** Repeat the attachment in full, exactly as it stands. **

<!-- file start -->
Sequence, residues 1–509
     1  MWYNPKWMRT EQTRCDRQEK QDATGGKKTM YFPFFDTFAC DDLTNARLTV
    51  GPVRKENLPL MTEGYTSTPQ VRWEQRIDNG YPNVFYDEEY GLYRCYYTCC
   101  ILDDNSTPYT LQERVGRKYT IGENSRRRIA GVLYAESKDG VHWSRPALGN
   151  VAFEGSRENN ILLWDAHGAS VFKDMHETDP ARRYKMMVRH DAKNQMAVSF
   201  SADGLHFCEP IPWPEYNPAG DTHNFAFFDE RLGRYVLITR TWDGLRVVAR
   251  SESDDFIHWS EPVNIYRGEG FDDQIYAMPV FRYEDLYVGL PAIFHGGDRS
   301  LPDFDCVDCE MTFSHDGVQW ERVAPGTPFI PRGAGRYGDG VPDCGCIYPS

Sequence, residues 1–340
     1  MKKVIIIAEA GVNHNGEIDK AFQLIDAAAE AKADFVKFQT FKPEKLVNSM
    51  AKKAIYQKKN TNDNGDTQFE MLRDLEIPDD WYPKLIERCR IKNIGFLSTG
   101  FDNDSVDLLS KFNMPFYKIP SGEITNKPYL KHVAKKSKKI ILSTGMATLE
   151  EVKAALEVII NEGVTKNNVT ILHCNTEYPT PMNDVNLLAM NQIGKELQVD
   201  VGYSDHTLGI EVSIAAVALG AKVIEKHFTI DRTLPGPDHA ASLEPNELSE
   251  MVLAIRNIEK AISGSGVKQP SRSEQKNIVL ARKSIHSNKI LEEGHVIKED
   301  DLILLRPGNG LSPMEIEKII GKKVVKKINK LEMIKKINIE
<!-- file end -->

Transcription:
Sequence, residues 1–509
     1  MWYNPKWMRT EQTRCDRQEK QDATGGKKTM YFPFFDTFAC DDLTNARLTV
    51  GPVRKENLPL MTEGYTSTPQ VRWEQRIDNG YPNVFYDEEY GLYRCYYTCC
   101  ILDDNSTPYT LQERVGRKYT IGENSRRRIA GVLYAESKDG VHWSRPALGN
   151  VAFEGSRENN ILLWDAHGAS VFKDMHETDP ARRYKMMVRH DAKNQMAVSF
   201  SADGLHFCEP IPWPEYNPAG DTHNFAFFDE RLGRYVLITR TWDGLRVVAR
   251  SESDDFIHWS EPVNIYRGEG FDDQIYAMPV FRYEDLYVGL PAIFHGGDRS
   301  LPDFDCVDCE MTFSHDGVQW ERVAPGTPFI PRGAGRYGDG VPDCGCIYPS

Sequence, residues 1–340
     1  MKKVIIIAEA GVNHNGEIDK AFQLIDAAAE AKADFVKFQT FKPEKLVNSM
    51  AKKAIYQKKN TNDNGDTQFE MLRDLEIPDD WYPKLIERCR IKNIGFLSTG
   101  FDNDSVDLLS KFNMPFYKIP SGEITNKPYL KHVAKKSKKI ILSTGMATLE
   151  EVKAALEVII NEGVTKNNVT ILHCNTEYPT PMNDVNLLAM NQIGKELQVD
   201  VGYSDHTLGI EVSIAAVALG AKVIEKHFTI DRTLPGPDHA ASLEPNELSE
   251  MVLAIRNIEK AISGSGVKQP SRSEQKNIVL ARKSIHSNKI LEEGHVIKED
   301  DLILLRPGNG LSPMEIEKII GKKVVKKINK LEMIKKINIE